I think there are probably 20 different ways you said that you can play with just these really simple cards that can really increase your children’s vocabulary. I mean quite frankly, I have a lot of work to do on this to be able to better identify my feelings on the fly and my needs on the fly. And I know that my daughter does as well. She knows happy, she knows sad, she knows frustrated. But there are so many other feelings out there that can potentially, you know, the words that can better encapsulate what she is actually truly feeling. And if I can give her that vocabulary, then I mean life is going to be a richer experience for doing that, I think.

Christine: 01:02:51

And she can start recognizing things like, oh, this is what disappointment feels like.
Jen: 01:02:56 Yes, exactly. Yeah. So yeah, there’s that. And then another tool to recommend is a book by a woman named Inbal Kashtan and it’s called Parenting from Your Heart. And Marshall Rosenberg who started NVC has a book on parenting as well. I have to say, Christine and I talked about this before we got online and neither of us were in love with Marshall’s book on parenting as much as we love NVC. But Inbal’s book is really fabulous. It’s super short. I think it’s only 30 or 40 pages. It’s a booklet rather than a book, but it just gets to the heart of everything that we’ve talked about today and really kind of distills it and makes it into these easier to use tools. Is there anything else that you want to say about what you’ve learned from that book?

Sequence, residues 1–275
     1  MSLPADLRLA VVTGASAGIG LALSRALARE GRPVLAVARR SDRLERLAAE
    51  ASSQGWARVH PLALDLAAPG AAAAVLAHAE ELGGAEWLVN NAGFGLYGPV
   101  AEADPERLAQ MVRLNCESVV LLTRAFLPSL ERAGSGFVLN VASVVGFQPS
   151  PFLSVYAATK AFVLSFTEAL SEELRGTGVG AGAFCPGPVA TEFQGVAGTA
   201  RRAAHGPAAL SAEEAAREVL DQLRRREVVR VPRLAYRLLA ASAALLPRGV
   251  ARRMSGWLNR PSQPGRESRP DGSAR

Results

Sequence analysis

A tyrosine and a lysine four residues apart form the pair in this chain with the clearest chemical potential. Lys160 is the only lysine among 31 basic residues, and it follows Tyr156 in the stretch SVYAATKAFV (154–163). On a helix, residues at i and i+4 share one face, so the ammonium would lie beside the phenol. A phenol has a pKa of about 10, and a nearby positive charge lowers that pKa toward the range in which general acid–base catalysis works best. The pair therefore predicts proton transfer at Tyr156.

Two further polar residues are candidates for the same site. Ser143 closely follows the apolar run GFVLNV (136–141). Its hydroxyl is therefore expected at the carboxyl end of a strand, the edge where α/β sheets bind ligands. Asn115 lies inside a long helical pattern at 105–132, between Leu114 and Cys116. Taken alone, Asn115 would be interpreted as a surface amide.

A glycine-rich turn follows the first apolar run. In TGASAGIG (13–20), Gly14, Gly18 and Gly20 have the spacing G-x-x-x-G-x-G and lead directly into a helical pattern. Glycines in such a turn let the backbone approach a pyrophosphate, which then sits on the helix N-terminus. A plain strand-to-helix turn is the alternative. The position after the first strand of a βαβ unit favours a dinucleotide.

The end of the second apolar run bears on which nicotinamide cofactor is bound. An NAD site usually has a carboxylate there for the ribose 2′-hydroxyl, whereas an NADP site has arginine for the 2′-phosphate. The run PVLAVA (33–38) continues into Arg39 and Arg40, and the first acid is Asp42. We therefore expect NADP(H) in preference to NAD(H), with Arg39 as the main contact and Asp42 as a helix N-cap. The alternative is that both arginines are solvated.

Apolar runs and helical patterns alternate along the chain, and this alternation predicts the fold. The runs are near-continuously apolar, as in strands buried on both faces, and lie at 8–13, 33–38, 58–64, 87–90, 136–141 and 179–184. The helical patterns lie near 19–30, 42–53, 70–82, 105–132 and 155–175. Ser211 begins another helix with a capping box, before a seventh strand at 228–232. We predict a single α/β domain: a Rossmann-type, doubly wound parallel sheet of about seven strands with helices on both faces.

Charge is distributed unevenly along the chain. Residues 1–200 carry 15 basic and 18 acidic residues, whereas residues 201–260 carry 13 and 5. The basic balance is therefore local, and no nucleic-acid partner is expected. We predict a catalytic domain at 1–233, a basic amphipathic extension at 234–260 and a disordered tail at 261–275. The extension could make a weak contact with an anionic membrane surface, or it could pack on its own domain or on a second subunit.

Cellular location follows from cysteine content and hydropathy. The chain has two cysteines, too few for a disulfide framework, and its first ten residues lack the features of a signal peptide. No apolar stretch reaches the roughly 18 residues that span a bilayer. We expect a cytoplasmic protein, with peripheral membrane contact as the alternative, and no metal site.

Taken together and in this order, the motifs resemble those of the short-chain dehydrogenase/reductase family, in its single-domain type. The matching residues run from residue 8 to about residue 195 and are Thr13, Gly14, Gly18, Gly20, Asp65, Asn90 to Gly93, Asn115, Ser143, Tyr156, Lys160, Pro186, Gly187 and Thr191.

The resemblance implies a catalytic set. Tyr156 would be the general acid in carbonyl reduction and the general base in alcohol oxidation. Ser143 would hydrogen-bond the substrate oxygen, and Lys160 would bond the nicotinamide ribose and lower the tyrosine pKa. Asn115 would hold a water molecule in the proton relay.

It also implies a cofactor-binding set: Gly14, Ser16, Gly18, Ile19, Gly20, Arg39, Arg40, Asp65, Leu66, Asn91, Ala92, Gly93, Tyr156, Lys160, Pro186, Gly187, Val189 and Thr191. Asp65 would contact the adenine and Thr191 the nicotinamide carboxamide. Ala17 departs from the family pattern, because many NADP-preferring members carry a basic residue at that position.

Christine: 01:03:39

Well, I think she posted a lot of examples, which I think is really, really helpful for parents and she taught parenting for a long time and it’s called Parenting from Your Heart which I think is really where I guess you like really having that heartfelt, heart condition parenting. So yeah, very, very helpful.

Jen: 01:03:57

Yeah. Awesome. Well, I feel as though we’ve covered a lot of ground here and we’ve really dug fairly deeply into what is NVC and at the same time as understanding the concepts, we’ve given parents a lot of tools that they can use. And I’m going to put some references in the show notes for this episode where you can find links to the game that Christine developed, which again is called Kids Grok and you can find that at GrokTheWorld.com and all the other things that she’s mentioned about the videos, about jackals and giraffes and even the ones of her doing that. And other lists of feelings and needs that you might want to print out and stick on your fridge and use as a reference point until you get more comfortable identifying these things. We’ll put all those in the show notes. So thanks so much for sharing your time today, Christine. I’m really grateful.

Christine: 01:04:42

Thank you, Jen. I thoroughly enjoyed it.



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About the author, Jen

Jen Lumanlan (M.S., M.Ed.) hosts the Your Parenting Mojo podcast (www.YourParentingMojo.com), which examines scientific research related to child development through the lens of respectful parenting.